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Our media relations team can respond quickly to your requests. Please contact director of marketing and communications, Bert Beiswanger via email at bbeiswanger@eiteljorg.com or call 317.275.1317, public relations manager, Bryan Corbin via email at bcorbin@eiteljorg.com or call 317.275.1315 or communications coordinator, Hyacinth Rucker via email at hrucker@eiteljorg.com or call 317.275.1388.

EITELJORG TO SCREEN AWARD-WINNING FILM ABOUT LIFE, MURDER OF TRANSGENDER NAVAJO TEEN

by DeShong Perry-Smitherman | Aug 22, 2013



Eiteljorg logoFOR IMMEDIATE RELEASE
 
 
For More Information:
DeShong Perry-Smitherman
Public Relations Manager
(317) 275-1352
dperry@eiteljorg.com
twitter.com/DeShongPerry

[NOTE TO POTENTIAL DONORS:  To help the Eiteljorg continue to bring programs like this to our city, donate to the Two Spirits project via Power 2 Give. Chase bank will contribute one dollar for every dollar donated. Just click on Power2Give.]  

[NOTE TO MEDIA: Interviews may be scheduled with Two Spirits director Lydia Nibley and Out West curator Greg Hinton. Contact Eiteljorg PR manager DeShong Perry-Smitherman to set dates/times]

EITELJORG MUSEUM TO SCREEN AWARDING-WINNING FILM, TWO SPIRITS, ABOUT LIFE AND MURDER OF A TRANSGENDER NAVAJO TEEN

 Fred Martinez was a Navajo boy who was also a girl. 
In an earlier era, he would have been revered.  Instead he was murdered.

 (Indianapolis, IN)— Two Spirits, the powerful documentary that tells the story of the brutal hate crime murder of a 16-year-old transgender Navajo boy, and explores the ancient Native American two-spirit tradition, will be screened at 12:30 p.m., Saturday, Sept. 28, at the Eiteljorg Museum of American Indians and Western Art.  This award-winning film interweaves the tragic death of a young boy with a revealing look at a time when many Native American cultures reserved places of honor for people who defied gender norms.

As a young teenager, Fred Martinez told his mother he felt he was both a boy and a girl. She explained that this was special gift. According to traditional Navajo culture, Fred was considered nádleehí (nod-lay), which is a Navajo term defined as a male-bodied person who has a feminine essence. Unfortunately, Fred’s “gift” was not embraced by all. In June 2001, his body was found on a dirt road in the Southwest Colorado town of Cortez. His murderer had bragged about killing a gay teen, according to an anonymous tip.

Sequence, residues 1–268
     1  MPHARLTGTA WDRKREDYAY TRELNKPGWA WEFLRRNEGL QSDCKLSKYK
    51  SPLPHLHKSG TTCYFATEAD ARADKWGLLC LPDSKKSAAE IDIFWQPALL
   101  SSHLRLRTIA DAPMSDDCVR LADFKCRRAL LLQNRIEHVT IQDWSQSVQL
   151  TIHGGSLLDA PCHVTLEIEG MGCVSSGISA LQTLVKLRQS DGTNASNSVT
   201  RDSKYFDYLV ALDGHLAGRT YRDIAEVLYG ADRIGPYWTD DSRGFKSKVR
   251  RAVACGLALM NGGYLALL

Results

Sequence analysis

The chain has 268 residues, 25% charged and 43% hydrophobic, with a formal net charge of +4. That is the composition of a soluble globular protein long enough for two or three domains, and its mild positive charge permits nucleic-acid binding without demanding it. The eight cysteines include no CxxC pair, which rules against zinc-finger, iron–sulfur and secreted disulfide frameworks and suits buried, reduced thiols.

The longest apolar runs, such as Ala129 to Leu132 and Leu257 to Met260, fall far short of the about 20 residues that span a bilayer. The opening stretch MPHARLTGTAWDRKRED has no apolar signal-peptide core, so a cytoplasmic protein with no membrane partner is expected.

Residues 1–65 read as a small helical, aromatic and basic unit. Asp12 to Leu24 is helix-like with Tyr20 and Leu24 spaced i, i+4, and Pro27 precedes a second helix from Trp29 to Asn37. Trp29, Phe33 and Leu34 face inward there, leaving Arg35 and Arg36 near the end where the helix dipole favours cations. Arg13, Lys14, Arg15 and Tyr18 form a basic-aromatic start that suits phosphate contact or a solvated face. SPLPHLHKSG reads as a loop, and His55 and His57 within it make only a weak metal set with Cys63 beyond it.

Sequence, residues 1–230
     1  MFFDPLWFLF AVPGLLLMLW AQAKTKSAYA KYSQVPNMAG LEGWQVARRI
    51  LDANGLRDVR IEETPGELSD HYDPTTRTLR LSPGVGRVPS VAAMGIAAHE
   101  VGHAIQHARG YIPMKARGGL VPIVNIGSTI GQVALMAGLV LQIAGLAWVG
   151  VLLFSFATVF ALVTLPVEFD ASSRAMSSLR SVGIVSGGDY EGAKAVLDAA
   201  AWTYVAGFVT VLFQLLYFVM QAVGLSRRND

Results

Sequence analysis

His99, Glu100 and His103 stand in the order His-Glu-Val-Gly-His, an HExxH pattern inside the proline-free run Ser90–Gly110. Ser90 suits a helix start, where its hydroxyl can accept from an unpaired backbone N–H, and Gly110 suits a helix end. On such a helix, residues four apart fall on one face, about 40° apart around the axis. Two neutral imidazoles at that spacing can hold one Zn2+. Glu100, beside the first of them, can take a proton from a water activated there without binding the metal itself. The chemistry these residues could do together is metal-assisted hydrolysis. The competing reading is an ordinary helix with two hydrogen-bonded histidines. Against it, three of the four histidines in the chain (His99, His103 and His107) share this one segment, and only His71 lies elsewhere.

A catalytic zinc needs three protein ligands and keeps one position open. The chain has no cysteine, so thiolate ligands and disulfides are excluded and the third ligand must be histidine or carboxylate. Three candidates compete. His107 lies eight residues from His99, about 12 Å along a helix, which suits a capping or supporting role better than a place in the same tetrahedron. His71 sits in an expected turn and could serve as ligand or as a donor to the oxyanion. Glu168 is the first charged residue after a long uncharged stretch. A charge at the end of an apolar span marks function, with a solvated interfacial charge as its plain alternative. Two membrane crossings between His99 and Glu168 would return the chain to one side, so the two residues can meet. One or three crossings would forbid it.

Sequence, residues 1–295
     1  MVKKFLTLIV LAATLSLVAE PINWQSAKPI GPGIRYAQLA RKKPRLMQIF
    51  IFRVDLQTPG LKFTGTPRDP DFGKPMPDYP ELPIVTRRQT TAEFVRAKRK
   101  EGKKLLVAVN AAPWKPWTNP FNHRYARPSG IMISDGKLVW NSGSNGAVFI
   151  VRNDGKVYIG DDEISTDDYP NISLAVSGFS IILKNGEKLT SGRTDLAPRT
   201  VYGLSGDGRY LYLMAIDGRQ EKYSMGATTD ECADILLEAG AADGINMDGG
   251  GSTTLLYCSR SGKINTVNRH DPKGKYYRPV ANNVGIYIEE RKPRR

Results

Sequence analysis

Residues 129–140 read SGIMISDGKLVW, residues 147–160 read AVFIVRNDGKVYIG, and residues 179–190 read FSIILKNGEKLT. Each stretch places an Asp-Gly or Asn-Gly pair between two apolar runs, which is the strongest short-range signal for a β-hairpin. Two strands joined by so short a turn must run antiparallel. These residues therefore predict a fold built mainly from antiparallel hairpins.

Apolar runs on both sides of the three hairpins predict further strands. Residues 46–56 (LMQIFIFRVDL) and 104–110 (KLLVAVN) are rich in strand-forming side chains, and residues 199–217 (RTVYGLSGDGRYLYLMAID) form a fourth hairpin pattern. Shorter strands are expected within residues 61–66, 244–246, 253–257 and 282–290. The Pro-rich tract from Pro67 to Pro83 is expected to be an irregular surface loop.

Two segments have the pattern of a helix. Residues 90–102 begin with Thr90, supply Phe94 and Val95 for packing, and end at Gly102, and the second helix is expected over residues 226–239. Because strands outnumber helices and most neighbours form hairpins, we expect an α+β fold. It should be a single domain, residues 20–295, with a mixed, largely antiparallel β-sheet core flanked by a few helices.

Two Spirits explores the bullying and violence commonly faced by LGBT people, and the epidemic of LGBT teen suicide. It also reveals the range of gender expression long seen as a healthy part of many of the indigenous cultures of North America. Director Lydia Nibley says she hopes this film helps move attitudes from mere tolerance to a celebration of LGBT and two-spirit people.

 “The film demonstrates how they contribute to their families, friends, and communities not in spite of, but because of who they are… that’s a BIG change,” she says. “It’s about same sex unions having been honored for thousands of years… It’s about respecting who people are and what they have to contribute.”

Two Spirits exposes viewers to the pain of loss experienced by Fred’s mother, but it also shows what some Native activists are doing to restore the rich heritage of two-spirit people within their tribal communities.

The Two Spirits screening at the Eiteljorg, will be followed by a panel discussion that delves more deeply into this cultural phenomenon. The film is part of Out West, the museum’s LGBT program series which illuminates positive contributions of the lesbian, gay, bisexual, transgender (LGBT) community to the history and cultures of the American West. The program is included with general admission to the museum.
 
Two Spirits screening schedule
12:30 p.m.                   Welcome by Gregory Hinton, founder of Out West
12:45 p.m.                   Two Spirits film screening (54 min.)
1:45 – 3:30 p.m.          Panel discussion
3:30 p.m.                     DVD and book signing in Eiteljorg Museum Store

Two Spirits 

Two Spirits panel
- Moderator: Jodi A. Byrd, Ph.D. (Chickasaw Nation of Oklahoma), associate professor of American Indian Studies and English, University of Illinois at Urbana-Champaign
- Lydia Nibley, director, Two Spirits
- Brian Joseph Gilley, Ph.D. (Cherokee of Oklahoma), associate professor of anthropology and director of the First Nations Educational and Cultural Center, Indiana University Bloomington; author of Becoming Two-Spirit
- Wesley K. Thomas, Ph.D. (Diné), chair/professor, School of Diné Studies, Education & Leadership, Navajo Technical College (Crownpoint, NM)

About Lydia Nibley (Director/Co-Producer/Co-Writer)
Lydia Nibley of Riding The Tiger Productions is the director, co-producer, and co-writer of the award-winning Two Spirits. Her work has been broadcast internationally and she has created and contributed to works that have received Emmy, Clio, and numerous film festival awards.

The Eiteljorg Museum of American Indians and Western Art seeks to inspire an appreciation and understanding of the art, history and cultures of the American West and the indigenous peoples of North America. The museum, which opened in 1989, is located in Downtown Indianapolis’ White River State Park. For general information about the museum and to learn more about exhibits and events, call (317) 636-WEST (9378) or visit www.eiteljorg.org.

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